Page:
Group 3 - Dr. Carl McKenry, University of Florida, Chairman; and Colonel J. W. Sollohub, State Department of Natural Resources, Recorder. Panelists included: Lothian Ager, Game and Fresh Water Fish Commission; Dr. Taylor Alexander, University of Florida; John Bethea, Director Division of Forestry; Mrs. Jean Booker, Fort Lauderdale; Stephen P. Clark, Mayor Dade County; George Cooper, Princeton; Mrs. Marjorie Stoneman Douglas, Miami; Dr. Charles Eno, University of Florida; W. E. "Bill" Fulford, State Representative, 40th District; George Gardner, U. S. Department of the Interior; James H. Hartwell, University of Miami; K. K. Huffstultler, E.P.A.; Ray Knopke, State Senator, 23rd District; Dr. Charles M. Loveless, Denver Wildlife Research Center; Art Marshall, University of Miami; William G. Meyers, Martin County Commission; Martin Northrup, Florida Audubon Society; Dennis O’ Connor, University of Miami; Vincent Patton, Air and Water Pollution Control Board; John Pennekamp, Miami.Herald; Ralph Poe, Orange County Commission; A. W. Sarrinen, consulting engineer; William Schneider, U.S.G.S.; Bruce Scott, Lee County Commission; Garrett Sloan, Dade County Water-Sewer Authority; and William V. Starch, FCD.
Group 4 -Dr. Lloyd B. Stover, Florida International University, Chairman; and Bill Partington, Environmental Information Center, Recorder. Panelists included: Mrs. Jean Bellamy, Miami Chamber of Commerce; Dr. J. I. Garcia Bengochea, consulting engineer; Joe Carrol, Bureau of Sport Fisheries and Wildlife; Dr. Frank C. Craighead, South Florida Environmental Project; Don Crane, State Representative, 52nd District; J. Walter Dineen, FCD; Robert Graham, State Senator, 48th District; Aaron Higer, U.S.G.S.; Mrs. Virginia Hine, Miami; Dr. Wayne C. Huber, University of Florida; M. J. Kolpinski, U.S.G.S.; Stanley D. Leach, U.S.G.S.; Larry Lukin, Palm Beach County Environmental Director; Riley S. Miles, Water Users Association; Dr. William Morgan, University of Florida; Dr. Oscar T. Owre, Audubon Society; Richard Pettigrew, Speaker of the House of Representatives; H. H. Raulerson, Okeechobee County Commission; James F. Redford, Miami; Larry Shanks, U. S. Department of the Interior; Cecil P. Skipper, Highlands County Commission; Dr. Sam Snedecor, University of Florida; William R. Vines, Naples; Lorenzo Walker, State Representative, 113th District; James 0. Woodward, Glades County Commission.
Group 5 - Jack Shreve, State Representative, 75th District, Chairman; and Joel Kupperberg, Trustees of the Internal Improvement Fund, Recorder. Panelists included: Peter Baljet, Dade County Health Department; William Bevis, Commissioner Florida Public Service Commission; David Blumbert, Miami Chamber of Commerce; Joe Burgess, House of Representatives Committee on Natural Resources; Aldine Combee, Polk County Commission; Clyde Conover, U.S.G.S.; Hugh M. Evans, Brevard County Commission; Harry Harris, Monroe County Commission; Dr. Robert C. Harris, Florida State University; E. T. Heinen, Environmental Protective Agency; John C. Jones, Florida Wildlife Federation; Walter Kautz, Florida Farm Bureau; Dr. Ariel Lugo, University of Florida; John R. Maloy, FCD; John Opel, Palm Beach Post-Times; George Patten, Legislative Aide to U. S. Senator Lawton Chiles; Earl Rich, Highland County Commission; Lyman Rogers, Conservation 7O's; Dr. Ernest T. Smerdon, University of Floirda; Guy Spicola, State Representative, 75th District; Dr. Durbin C. Tabb, University of Miami; Richard Tillis, Department of Education, Tallahassee; Reggie Walters, Director of Planning for Dade County; Lester Whitaker, Sr., Collier County Commission.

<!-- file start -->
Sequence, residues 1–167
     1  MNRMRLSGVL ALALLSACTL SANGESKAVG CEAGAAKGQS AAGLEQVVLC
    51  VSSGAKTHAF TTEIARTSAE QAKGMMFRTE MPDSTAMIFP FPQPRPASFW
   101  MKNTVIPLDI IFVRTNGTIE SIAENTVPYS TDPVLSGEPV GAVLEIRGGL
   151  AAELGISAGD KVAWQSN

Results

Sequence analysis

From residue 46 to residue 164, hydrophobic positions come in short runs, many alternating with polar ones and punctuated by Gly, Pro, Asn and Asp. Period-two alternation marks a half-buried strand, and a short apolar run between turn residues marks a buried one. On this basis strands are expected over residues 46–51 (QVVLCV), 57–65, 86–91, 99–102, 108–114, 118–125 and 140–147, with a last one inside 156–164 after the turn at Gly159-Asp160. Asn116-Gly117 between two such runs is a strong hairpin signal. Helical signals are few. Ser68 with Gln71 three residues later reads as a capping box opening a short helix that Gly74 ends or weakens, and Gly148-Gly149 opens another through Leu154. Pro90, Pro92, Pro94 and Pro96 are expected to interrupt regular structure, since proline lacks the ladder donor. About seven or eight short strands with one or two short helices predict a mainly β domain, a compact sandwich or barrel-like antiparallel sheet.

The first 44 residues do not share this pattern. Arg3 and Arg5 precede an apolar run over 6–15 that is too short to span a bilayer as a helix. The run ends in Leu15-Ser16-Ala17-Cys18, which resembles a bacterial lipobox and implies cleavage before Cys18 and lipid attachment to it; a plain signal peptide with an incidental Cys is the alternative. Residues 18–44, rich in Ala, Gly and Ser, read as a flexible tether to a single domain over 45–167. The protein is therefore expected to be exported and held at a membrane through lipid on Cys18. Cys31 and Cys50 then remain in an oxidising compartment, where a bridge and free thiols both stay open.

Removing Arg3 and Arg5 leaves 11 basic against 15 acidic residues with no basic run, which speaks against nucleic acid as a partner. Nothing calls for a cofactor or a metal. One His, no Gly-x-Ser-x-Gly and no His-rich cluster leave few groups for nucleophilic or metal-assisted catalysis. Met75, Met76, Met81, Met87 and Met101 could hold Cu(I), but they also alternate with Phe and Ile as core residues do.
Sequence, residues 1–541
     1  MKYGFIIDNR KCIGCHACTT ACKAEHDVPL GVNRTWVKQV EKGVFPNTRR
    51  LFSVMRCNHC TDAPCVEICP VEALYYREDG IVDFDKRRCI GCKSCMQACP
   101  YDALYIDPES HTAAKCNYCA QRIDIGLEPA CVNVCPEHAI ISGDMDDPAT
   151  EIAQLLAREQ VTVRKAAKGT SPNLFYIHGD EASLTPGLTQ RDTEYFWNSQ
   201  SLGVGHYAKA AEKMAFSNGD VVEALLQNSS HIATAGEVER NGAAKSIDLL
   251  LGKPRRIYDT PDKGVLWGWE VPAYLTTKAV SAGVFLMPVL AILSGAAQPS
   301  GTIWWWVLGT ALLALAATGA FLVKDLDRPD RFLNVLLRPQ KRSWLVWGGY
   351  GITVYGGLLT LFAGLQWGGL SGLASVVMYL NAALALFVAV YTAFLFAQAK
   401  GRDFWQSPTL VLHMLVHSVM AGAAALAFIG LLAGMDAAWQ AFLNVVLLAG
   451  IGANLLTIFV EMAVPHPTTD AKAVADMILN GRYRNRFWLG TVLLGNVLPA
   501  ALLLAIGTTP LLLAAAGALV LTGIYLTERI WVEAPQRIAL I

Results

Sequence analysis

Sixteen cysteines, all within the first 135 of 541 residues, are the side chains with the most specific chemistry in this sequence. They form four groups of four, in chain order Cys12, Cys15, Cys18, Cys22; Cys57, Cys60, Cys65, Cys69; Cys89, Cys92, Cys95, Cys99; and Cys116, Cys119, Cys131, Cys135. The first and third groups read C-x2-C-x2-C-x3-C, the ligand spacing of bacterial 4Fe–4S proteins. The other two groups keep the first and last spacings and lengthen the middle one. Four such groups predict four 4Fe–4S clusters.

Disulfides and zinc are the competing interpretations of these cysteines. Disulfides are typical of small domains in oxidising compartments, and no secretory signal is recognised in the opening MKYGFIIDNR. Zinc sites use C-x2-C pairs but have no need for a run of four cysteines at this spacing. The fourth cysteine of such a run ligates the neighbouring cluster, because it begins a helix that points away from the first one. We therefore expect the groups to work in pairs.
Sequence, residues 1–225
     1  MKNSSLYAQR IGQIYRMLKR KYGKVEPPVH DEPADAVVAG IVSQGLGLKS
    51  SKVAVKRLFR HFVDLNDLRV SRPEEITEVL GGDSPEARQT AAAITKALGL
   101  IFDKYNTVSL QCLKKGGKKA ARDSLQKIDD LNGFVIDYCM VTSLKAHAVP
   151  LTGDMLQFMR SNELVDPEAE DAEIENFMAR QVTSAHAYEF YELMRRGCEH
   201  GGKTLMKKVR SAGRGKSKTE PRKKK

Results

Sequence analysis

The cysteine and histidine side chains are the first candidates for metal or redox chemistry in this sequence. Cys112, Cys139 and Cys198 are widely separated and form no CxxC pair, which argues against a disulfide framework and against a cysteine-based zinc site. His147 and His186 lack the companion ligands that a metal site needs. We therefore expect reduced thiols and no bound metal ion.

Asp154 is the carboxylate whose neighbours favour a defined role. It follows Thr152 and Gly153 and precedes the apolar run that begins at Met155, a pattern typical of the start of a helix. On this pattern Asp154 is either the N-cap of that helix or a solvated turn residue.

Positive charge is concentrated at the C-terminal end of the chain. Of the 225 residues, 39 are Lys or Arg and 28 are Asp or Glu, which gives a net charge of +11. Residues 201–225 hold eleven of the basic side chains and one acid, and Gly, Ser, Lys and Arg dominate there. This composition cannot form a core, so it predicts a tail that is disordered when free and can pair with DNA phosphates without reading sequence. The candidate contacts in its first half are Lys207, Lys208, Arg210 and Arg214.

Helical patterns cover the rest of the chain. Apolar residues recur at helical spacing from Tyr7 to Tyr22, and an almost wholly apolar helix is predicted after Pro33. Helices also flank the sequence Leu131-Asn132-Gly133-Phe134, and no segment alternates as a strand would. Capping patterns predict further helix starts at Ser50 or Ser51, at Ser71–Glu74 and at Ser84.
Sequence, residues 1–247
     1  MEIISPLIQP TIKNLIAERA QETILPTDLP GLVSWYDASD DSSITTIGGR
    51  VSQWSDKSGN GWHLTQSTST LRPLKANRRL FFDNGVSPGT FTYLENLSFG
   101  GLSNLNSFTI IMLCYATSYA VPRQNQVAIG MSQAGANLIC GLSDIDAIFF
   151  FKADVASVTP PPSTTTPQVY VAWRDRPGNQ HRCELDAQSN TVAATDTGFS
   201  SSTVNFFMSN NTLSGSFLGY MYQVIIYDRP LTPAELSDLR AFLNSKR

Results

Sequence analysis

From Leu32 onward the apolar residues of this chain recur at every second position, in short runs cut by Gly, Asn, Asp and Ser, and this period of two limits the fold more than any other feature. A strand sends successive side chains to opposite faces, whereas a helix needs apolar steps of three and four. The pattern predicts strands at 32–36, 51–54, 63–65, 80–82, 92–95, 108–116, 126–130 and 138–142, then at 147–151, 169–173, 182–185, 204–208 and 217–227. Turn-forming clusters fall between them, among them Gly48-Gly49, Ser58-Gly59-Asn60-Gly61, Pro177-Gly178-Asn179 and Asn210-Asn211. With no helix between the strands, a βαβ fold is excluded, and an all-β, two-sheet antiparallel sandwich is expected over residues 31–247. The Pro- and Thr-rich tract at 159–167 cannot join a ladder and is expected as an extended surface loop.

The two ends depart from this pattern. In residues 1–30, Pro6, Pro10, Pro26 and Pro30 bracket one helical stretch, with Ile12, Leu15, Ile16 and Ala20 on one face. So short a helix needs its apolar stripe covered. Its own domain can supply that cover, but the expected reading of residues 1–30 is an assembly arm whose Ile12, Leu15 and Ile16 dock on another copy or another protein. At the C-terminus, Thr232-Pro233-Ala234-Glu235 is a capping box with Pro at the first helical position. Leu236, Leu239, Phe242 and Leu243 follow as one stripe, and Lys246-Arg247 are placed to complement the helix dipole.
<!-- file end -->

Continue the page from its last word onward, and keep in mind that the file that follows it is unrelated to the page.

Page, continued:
The FCD Governing Board received at its November meeting, two comprehensive reports on water conditions in central and south Florida, both of which indicated that water storage levels are far below desired schedules.A report by Zeb Grant, FCD Director of Field Services, painted a dismal picture for central Florida.
"We are going into this dry season in worse condition than we were at this time last year when we faced a drought of major proportions," Grant said.
"All gages in the Upper Kissimmee Basin are just at or below the levels recorded at this time last year - most of them are very deficient; and the lakes in the Kissimmee Basin are, on the average, more than two feet below schedule and the ground water tables are exceedingly low," he revealed.
In a report on water conditions from Lake Okeechobee south, FCD Chief Engineer, W. V. Storch said that although water stored in Lake Okeechobee and the three Everglades water conservation areas is slightly above levels at this time last year, they are far deficient of optimum levels for this time of year.
His report reveals that rainfall in the Lake Okeechobee area is deficient 49.7 percent compared to the long-term average, the north Everglades off 42 percent; central Everglades down nearly 55 percent and the southern Everglades nearly 69 percent.
"Ground water levels are very close to or below last year," he stated.
He informed the Governing Board that, as it had requested, a meeting has been arranged with Dade, Broward and south Palm Beach County officials to discuss possible trouble spots in the event of deficient winter and spring rainfall.
OKEE-TANTIE REOPENED - A greatly enlarged and improved Okee-Tantie Recreation Area has been opened by the Recreation Section of the Flood Control District. Roads and 75 parking spurs have been paved, ample parking has been provided for the boat ramps, 100 cabbage palms along with Acacia, Euclypatus, Mimosa, Red Maple, Sycamore, grapefruit and camphor trees have been planted. The area has been graded and grass planted. The comissary is ready to provide food, beverages, fuel, etc.
Water Management Bulletin
This document is designed and maintained for the Everglades Digital
This document is copyright © 1998 Arthur R. Marshall Foundation.
It is digitally reproduced for the Everglades Digital Library
with the express permission of the Copyright Holder. All rights reserved.